On March 21, 2014, the U.S. Court of Appeals for the Eleventh Circuit, in Walthour v. Chipio Windshield Repair, LLC, et al., joined four other Circuit Courts of Appeals in holding that an arbitration agreement that waives the right of an employee to bring a class or collective action under the Fair Labor Standards Act (“FLSA”) is enforceable. In so holding, the Eleventh Circuit joined the Second, Fourth, Fifth, and Eighth Circuits in giving employers support regarding the enforceability of class and collective action waivers.
In Walthour, the employees had signed arbitration agreements with their employer, under which they agreed to arbitrate all claims arising out of their employment and to pursue claims only individually, rather than collectively or as a class. Additionally, the agreement at issue specifically waived the ability of the employees to bring a class action in the arbitration context. However, even in the face of the agreement, once the employees’ employment ended, the employees brought a collective action against the employer under the FLSA. In this lawsuit, the employees alleged that the employer failed to pay them the required minimum wage and overtime and failed to maintain records required by the FLSA. The employer then filed a motion to compel arbitration based on the agreement that the employees had signed. The federal district court granted the motion, a decision that was then appealed to the Court of Appeals.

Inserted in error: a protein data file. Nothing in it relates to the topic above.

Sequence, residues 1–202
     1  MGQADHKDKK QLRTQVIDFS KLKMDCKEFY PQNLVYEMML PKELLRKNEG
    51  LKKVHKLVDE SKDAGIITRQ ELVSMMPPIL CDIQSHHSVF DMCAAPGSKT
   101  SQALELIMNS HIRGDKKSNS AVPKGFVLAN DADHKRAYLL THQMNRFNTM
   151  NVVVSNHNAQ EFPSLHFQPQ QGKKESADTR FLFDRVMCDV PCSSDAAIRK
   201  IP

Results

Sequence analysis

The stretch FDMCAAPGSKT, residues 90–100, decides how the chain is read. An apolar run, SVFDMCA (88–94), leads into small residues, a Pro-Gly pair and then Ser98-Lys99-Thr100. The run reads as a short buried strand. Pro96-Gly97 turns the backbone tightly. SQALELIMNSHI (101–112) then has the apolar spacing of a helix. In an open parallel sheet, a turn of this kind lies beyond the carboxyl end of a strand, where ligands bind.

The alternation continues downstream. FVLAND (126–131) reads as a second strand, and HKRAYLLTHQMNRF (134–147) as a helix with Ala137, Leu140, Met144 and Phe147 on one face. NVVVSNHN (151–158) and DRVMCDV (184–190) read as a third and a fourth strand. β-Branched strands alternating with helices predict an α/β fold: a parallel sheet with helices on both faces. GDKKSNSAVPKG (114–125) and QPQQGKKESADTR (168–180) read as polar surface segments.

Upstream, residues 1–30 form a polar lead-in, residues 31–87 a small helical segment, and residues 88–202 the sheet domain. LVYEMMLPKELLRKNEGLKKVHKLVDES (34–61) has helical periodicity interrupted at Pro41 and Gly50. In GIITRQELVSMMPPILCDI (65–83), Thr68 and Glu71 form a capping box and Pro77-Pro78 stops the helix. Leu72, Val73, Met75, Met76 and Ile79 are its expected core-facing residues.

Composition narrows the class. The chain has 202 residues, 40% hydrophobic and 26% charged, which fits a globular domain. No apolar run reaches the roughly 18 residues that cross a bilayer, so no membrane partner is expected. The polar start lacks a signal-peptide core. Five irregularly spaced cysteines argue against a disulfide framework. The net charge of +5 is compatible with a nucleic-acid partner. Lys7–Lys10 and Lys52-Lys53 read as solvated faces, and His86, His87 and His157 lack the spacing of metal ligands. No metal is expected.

After reviewing the language of the FLSA, its legislative history, and Supreme Court precedents interpreting the FLSA, the Court of Appeals dismissed the argument made by the employees that the right to bring a collective action under the FLSA is a non-waivable substantive right, concluding that there was no “congressional command” under which the FLSA had overridden the requirement of the Federal Arbitration Act (“FAA”) that collective action waivers in arbitration agreements were to be enforced.
Based on the FAA’s “liberal federal policy favoring arbitration agreements,” the Court of Appeals concluded that the agreements in question were enforceable under the FAA. Based on multiple Supreme Court precedents (American Express Co. v. Italian Colors Rest. (2013); AT&T Mobility LLC v. Concepcion (2011); Gilmer v. Interstate/Johnson Lane Corp. (1991)), the Court of Appeals concluded that it was compelled to “rigorously enforce arbitration agreements according to their terms.” (quoting American Express Co. v. Italian Colors Rest.).
The importance of this decision for employers is that the Eleventh Circuit's decision in Walthour is consistent with decisions by other Courts of Appeals and with recent Supreme Court decisions regarding the enforceability of arbitration agreements that include waivers of class and collective actions by employees. However, prudent employers should note that the NLRB continues to take the position that waivers such as this violate the rights of employees to engage in protected activity in concert under the National Labor Relations Act. As a result, the NLRB continues to bring charges for unfair labor practice against employers that include class and collective action waivers in their arbitration agreements.